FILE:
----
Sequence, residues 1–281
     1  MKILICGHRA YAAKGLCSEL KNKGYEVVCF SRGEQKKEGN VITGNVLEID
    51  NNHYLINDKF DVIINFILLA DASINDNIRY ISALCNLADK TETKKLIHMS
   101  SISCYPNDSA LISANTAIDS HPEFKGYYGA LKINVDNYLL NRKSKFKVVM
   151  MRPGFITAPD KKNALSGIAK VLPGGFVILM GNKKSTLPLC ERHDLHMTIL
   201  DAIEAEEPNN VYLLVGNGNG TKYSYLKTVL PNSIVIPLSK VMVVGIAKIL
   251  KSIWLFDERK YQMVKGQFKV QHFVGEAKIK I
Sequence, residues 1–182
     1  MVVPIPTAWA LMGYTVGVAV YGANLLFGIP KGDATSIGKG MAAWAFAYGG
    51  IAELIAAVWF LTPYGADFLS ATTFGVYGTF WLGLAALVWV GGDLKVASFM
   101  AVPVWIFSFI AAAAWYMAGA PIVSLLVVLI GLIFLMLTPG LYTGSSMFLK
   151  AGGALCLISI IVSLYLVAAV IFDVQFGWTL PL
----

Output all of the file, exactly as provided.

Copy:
Sequence, residues 1–281
     1  MKILICGHRA YAAKGLCSEL KNKGYEVVCF SRGEQKKEGN VITGNVLEID
    51  NNHYLINDKF DVIINFILLA DASINDNIRY ISALCNLADK TETKKLIHMS
   101  SISCYPNDSA LISANTAIDS HPEFKGYYGA LKINVDNYLL NRKSKFKVVM
   151  MRPGFITAPD KKNALSGIAK VLPGGFVILM GNKKSTLPLC ERHDLHMTIL
   201  DAIEAEEPNN VYLLVGNGNG TKYSYLKTVL PNSIVIPLSK VMVVGIAKIL
   251  KSIWLFDERK YQMVKGQFKV QHFVGEAKIK I
Sequence, residues 1–182
     1  MVVPIPTAWA LMGYTVGVAV YGANLLFGIP KGDATSIGKG MAAWAFAYGG
    51  IAELIAAVWF LTPYGADFLS ATTFGVYGTF WLGLAALVWV GGDLKVASFM
   101  AVPVWIFSFI AAAAWYMAGA PIVSLLVVLI GLIFLMLTPG LYTGSSMFLK
   151  AGGALCLISI IVSLYLVAAV IFDVQFGWTL PL